I’ve been fortunate enough over the last couple of weeks to have gotten to watch a multitude of great short films as a part of the 2020 Amsterdam Lift-Off Film Festival (of which my latest short film has been lucky enough to be a part of), and none more impressive than Writer/Director Alexander Osman’s 14 minute Drama/Thriller short, “The Knowledge”. The Knowledge is a two man show set in 1991 on one dark night in London – a serial killer on the prowl. A game of cat and mouse regarding identity begins to develop inside a black cab between James, a businessman (played by Stephen Beckett of TV’S “The Bill”) and Ray, a cabbie (John Glynn). By the end of the night secrets and hidden agendas will come to the surface.
Everything about The Knowledge jumped out at me in its brief setup in which we’re introduced to a somewhat OCD (obsessive compulsive disorder) driver relaxing in the back of a taxi, followed by an overworked businessman who gradually becomes more agitated with each passing minute. DP, Claire Pie (working on just her second short film) shines at the forefront with wonderful lighting and cinematography throughout this little mystery. The coverage is great, and everything is atmospherically back and side lit. Pie has served as an assistant in one fashion or another on films like “The Theory Of Everything” and “The Monuments Men” and many more, so she clearly knows her stuff and it shows. Highlights are the shots inside the cab and those at the building in which the climax of the film takes place in. Sam Thompson’s music is another great addition. Consisting of nice eerie tones with cleverly positioned rise and fall for maximum dramatic tension. Of course, Osman’s tight edit helps maintain the films wonderful shape as a whole.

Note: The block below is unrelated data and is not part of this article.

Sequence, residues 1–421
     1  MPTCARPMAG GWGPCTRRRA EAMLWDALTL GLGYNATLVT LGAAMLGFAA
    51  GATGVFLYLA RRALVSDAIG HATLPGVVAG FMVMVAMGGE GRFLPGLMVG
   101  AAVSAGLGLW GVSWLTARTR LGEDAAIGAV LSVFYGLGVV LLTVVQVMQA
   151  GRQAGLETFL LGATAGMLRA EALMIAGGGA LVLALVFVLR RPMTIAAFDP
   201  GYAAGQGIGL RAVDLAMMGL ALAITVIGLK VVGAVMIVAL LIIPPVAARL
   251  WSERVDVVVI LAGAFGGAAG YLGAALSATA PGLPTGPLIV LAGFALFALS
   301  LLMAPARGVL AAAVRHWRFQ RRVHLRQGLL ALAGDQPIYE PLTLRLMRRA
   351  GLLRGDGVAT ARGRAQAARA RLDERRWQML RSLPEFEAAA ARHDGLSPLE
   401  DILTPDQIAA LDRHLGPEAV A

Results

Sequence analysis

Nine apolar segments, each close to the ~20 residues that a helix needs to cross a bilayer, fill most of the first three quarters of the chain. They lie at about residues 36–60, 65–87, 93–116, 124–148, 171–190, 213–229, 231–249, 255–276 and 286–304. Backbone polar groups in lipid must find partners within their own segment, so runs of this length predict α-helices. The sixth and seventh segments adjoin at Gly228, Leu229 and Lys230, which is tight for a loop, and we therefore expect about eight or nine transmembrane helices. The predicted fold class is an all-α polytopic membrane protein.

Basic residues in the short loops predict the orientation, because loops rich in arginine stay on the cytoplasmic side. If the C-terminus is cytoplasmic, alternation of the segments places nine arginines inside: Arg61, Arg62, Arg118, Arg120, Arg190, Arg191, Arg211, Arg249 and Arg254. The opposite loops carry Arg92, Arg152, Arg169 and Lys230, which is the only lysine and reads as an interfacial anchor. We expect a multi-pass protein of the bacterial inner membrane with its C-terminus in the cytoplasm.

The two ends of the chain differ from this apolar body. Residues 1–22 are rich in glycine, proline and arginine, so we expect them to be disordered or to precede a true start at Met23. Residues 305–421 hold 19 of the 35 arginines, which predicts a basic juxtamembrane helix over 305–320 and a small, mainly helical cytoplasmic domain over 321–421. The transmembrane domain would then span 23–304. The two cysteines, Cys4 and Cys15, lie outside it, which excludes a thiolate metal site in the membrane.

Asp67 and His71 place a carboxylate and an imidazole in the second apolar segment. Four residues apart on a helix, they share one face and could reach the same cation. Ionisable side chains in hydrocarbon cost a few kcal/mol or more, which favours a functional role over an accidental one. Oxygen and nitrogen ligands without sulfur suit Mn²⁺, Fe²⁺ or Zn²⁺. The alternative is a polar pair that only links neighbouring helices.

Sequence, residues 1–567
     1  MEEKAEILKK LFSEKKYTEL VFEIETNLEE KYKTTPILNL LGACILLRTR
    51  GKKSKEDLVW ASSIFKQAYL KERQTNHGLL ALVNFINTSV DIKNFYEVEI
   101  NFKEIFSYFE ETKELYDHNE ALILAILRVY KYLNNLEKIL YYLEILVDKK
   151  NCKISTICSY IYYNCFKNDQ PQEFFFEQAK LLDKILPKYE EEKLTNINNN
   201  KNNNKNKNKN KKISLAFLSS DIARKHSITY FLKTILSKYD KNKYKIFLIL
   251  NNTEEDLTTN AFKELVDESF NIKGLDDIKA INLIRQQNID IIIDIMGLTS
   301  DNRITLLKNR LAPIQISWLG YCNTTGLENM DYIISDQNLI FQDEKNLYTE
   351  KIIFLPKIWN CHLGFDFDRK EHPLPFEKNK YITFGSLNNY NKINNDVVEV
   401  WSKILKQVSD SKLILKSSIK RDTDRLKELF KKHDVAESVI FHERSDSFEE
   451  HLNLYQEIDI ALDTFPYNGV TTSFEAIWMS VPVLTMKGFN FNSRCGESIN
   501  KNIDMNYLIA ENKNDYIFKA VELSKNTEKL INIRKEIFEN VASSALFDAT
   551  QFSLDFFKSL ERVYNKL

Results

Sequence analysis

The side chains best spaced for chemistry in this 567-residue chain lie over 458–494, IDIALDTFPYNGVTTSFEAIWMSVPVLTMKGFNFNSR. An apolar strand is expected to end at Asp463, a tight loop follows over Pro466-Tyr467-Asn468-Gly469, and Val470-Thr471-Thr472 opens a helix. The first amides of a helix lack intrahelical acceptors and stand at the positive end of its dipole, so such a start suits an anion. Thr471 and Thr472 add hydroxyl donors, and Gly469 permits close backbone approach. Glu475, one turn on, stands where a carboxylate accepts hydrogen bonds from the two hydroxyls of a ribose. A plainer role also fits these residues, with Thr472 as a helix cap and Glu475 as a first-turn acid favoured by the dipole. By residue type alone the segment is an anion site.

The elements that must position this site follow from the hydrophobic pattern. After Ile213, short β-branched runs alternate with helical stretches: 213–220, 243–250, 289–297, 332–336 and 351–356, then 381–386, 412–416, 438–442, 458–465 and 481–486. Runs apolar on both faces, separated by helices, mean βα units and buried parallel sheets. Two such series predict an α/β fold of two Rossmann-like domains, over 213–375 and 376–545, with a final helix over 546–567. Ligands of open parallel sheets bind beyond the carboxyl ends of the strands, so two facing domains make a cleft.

The crux of the script is great. There’s time spent with radio commentary on the murders playing as the curiosities of the two men get the better of them in passing conversation and they attempt to extricate something more concrete from the other. Suspicions grow and you’re never quite sure as to whose telling the truths, if there are in fact any being disclosed. Beckett is superb as James (no surprise that he’s been acting for thirty years), as is evident through the ease in which he navigates the entire spectrum of emotions. The bigger surprise here is Glynn though, and kudos to Alex on the casting for the Ray character. Even without the hindsight, there’s definite complexities under the surface when it comes to the mysterious cabbie and he plays them to a T. The Knowledge goes on to hit hard with and ending that I personally found unexpected and really effective. At the end of the festival I had to vote for the film I deemed the best of the festival and it should come as no surprise that I selected this one. I’m not entirely sure on the particulars surrounding its online release, but please do stay tuned because it’s an exceptional short film out of the UK that’s well worth your time.
The Knowledge – 9.5/10